When people use dryer sheets, they are coating their cloths with a thin film of artificial chemical perfumes. Just like other perfumes, a personís sensitivity to these perfumes decreases over time to the point where they donít even notice how potent these artificial fragrance chemicals are.
None of this would be interesting if it werenít for the fact that these fragrance chemical are extremely toxic chemicals. They are known carcinogens. They cause liver damage and cancer in mammals. In fact, the only way they are approved for use in consumer products is that there is an underlying, but false assumption by the FDA and other regulator agencies that cosmetic products such as shampoo, deodorants, creams, laundry detergents, and soaps donít pose a health risk because their chemicals are not absorbed through the skin. In other words, there is a much lower threshold of danger assumed with cosmetic products versus foods and beverages. It is assumed that chemicals put on the skin donít necessarily penetrate the skin. This assumption is incorrect, however.
Nearly every chemical that touches the skin finds its way into the body and into the bloodstream. As a result, wearing toxic fragrance chemicals is actually quite similar to eating them. These toxic chemicals would never, of course, be approved as safe food ingredients due to their toxicity. Many are registered as EPA toxins. Nearly all are listed in the government RTECS database of toxic chemicals (see http://www.nisc.com/cis/details/rtecs.htm for more info). Yet they are, for some reason, allowed to be used in consumer products simply because it is assumed they pose no hazard to human health.
A rigorous examination of the toxic chemicals used in artificial fragrance, such as over-the-counter perfumes, has turned up shocking reports showing as many as twenty-three identifiable carcinogenic compounds. A partial list is found at http://www.immuneweb.org/articles/perfume.html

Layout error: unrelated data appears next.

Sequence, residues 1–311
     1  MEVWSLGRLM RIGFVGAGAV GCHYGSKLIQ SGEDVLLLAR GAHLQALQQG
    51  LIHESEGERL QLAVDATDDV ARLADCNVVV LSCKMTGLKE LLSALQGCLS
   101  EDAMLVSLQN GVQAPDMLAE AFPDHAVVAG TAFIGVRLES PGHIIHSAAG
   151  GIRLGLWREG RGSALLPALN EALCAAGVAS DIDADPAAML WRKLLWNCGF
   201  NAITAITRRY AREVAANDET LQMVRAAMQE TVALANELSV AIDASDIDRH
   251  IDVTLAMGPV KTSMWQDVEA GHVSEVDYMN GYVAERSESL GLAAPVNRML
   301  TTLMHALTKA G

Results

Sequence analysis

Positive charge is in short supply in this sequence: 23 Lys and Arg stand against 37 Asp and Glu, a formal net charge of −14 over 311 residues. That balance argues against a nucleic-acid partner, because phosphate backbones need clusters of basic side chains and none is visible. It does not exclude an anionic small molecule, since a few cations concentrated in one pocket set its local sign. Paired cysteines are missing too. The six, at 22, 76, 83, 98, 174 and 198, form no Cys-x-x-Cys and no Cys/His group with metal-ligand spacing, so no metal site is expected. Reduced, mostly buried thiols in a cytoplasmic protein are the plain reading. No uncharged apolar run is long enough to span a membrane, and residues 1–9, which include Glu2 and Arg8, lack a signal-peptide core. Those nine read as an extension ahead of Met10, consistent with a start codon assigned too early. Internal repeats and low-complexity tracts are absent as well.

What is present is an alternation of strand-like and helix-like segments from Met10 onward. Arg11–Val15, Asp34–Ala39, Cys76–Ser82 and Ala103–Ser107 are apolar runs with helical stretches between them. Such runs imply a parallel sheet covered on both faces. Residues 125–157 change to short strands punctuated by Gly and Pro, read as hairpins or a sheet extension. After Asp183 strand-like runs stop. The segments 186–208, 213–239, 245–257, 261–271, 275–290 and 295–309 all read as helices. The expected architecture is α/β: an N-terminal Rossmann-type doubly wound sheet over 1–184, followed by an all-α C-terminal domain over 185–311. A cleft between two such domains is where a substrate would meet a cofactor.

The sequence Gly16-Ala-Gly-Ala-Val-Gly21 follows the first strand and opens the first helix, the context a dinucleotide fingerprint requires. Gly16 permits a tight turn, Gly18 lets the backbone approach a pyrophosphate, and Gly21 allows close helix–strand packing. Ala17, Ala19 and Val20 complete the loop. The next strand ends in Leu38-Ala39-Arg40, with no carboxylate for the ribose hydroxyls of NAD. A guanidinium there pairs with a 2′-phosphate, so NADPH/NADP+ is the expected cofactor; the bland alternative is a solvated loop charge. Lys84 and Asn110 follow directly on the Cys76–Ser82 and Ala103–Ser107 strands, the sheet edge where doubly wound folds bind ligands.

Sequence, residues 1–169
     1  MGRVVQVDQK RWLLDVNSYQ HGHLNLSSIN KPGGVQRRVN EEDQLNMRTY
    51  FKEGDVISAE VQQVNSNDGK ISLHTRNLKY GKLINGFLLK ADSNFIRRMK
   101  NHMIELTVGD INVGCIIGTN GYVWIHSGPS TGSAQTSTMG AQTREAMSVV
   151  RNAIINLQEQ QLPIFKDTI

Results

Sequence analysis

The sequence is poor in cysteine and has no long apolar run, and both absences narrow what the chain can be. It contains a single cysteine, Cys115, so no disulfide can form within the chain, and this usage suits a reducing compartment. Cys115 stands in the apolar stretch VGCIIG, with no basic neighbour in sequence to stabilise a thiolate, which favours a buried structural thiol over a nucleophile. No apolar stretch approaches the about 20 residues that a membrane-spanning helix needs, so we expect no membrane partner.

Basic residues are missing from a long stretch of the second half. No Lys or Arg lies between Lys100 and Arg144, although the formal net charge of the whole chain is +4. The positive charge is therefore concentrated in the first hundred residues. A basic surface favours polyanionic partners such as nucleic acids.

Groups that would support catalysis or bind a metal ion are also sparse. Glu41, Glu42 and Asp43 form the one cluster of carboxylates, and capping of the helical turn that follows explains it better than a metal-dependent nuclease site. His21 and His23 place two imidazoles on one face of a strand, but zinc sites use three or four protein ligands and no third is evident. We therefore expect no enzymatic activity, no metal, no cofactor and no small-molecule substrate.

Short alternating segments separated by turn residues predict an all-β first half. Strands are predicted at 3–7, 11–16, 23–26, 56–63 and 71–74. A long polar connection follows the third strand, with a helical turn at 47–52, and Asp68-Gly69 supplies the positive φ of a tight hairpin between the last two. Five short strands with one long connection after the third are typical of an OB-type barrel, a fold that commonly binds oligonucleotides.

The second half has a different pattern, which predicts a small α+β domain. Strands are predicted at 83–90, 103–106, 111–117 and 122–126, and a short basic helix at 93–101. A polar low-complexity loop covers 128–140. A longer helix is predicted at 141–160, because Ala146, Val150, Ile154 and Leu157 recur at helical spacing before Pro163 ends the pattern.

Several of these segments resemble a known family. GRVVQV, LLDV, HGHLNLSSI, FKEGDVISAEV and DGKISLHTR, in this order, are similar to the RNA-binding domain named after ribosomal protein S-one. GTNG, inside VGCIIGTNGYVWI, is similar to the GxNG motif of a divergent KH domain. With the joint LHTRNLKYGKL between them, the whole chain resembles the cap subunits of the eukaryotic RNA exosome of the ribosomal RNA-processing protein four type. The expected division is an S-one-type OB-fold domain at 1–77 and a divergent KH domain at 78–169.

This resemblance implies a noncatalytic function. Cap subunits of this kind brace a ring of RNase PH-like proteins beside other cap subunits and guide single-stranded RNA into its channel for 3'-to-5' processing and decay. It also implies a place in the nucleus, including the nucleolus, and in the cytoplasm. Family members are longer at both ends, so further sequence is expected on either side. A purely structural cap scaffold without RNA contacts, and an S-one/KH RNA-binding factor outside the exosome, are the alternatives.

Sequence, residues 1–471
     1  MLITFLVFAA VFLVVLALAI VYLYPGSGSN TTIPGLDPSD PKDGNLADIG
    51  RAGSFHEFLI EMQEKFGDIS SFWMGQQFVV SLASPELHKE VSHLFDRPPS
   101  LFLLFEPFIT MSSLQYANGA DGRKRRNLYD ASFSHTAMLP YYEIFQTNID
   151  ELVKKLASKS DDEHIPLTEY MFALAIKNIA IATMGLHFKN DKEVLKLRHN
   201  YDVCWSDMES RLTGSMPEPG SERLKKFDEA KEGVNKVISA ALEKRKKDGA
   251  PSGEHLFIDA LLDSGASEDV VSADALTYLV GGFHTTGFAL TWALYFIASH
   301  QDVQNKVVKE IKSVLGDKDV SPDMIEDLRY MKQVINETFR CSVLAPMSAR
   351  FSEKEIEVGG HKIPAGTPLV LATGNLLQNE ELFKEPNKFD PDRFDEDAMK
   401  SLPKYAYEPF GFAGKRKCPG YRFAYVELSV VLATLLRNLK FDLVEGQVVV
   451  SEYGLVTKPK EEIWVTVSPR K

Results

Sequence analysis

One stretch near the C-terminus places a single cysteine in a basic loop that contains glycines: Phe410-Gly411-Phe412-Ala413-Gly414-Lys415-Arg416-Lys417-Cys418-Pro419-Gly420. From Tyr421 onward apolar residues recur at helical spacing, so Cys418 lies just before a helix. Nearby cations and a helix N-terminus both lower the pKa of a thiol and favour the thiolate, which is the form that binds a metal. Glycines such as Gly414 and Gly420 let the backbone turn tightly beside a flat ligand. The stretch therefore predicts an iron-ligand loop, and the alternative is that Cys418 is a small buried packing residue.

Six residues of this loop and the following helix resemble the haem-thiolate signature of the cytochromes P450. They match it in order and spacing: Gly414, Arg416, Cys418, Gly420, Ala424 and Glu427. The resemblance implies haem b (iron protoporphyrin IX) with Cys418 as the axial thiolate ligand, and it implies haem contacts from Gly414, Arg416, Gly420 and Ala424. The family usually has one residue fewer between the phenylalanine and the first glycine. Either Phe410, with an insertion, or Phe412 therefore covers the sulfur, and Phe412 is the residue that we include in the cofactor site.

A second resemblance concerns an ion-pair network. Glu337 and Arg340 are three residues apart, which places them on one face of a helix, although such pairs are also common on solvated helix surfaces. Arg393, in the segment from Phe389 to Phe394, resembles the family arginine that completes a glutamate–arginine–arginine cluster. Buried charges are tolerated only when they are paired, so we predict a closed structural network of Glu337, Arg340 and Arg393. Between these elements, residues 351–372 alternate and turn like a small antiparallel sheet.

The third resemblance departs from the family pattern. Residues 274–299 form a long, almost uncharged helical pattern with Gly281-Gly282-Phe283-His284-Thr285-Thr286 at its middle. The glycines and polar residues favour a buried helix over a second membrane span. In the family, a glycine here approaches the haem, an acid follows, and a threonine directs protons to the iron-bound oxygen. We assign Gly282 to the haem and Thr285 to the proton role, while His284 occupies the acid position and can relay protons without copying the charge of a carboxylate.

This means that these fragrance products contain not just one cancer causing agent but potentially dozens. Thatís why using dryer sheets or even laundry detergent with fragrance is extremely bad for your health.
Years ago, people argued with the very idea that such chemicals could be absorbed through the skin. They said the skin is a strong barrier against external agents. Otherwise, they explained, the body would be invaded be bacteria and viruses on a daily basis. But then along came the nicotine patch and other federally approved drugs and consumer products that worked on the very premise that drugs can be absorbed through the skin. In fact, if chemicals werenít absorbed through the skin, the nicotine patch wouldnít work at all.
Today, even though it is obvious to any intelligent person that chemicals are quite easily absorbed through the skin, thereís no general recognition that products that come into contact with the skin of consumers could pose a potential health hazard. The FDA, it seems, is once again asleep at the wheel. A person who uses dryer sheets or laundry detergent with fragrance is actually coating their clothing in a layer of chemicals that will be easily transferred to their skin the next time they put on those cloths and start to perspire. The wetter your body becomes, the more easily the chemicals can move from clothing into your skin. And since many of these chemical compounds are by themselves solvents, they are rather good at moving through cellular membranes and entering tissues of the body, including nervous system tissues. This is why intelligent consumers who wish to protect their health avoid brand name dryer sheets, laundry detergents, and even perfumes and colognes that are all made with toxic fragrance chemicals that can cause cancer, liver disorders, Alzheimer's disease and many other chronic diseases.